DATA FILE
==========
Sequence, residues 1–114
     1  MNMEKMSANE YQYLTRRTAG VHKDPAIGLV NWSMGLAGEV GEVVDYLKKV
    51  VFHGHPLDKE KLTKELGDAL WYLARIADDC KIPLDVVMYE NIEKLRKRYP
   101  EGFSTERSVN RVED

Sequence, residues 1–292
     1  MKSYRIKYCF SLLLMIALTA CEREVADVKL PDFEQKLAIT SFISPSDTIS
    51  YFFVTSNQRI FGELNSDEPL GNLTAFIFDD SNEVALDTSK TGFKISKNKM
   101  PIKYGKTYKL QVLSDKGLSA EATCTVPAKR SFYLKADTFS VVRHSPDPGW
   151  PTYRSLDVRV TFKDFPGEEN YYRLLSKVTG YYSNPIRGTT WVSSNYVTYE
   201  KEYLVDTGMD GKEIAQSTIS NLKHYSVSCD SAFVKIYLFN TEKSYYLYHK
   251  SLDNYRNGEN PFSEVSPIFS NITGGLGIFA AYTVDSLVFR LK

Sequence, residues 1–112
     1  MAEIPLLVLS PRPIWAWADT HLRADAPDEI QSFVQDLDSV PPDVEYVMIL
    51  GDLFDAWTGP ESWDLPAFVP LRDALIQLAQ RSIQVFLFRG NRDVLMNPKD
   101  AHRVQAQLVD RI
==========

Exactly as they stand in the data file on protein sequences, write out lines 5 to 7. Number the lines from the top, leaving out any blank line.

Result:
Sequence, residues 1–292
     1  MKSYRIKYCF SLLLMIALTA CEREVADVKL PDFEQKLAIT SFISPSDTIS
    51  YFFVTSNQRI FGELNSDEPL GNLTAFIFDD SNEVALDTSK TGFKISKNKM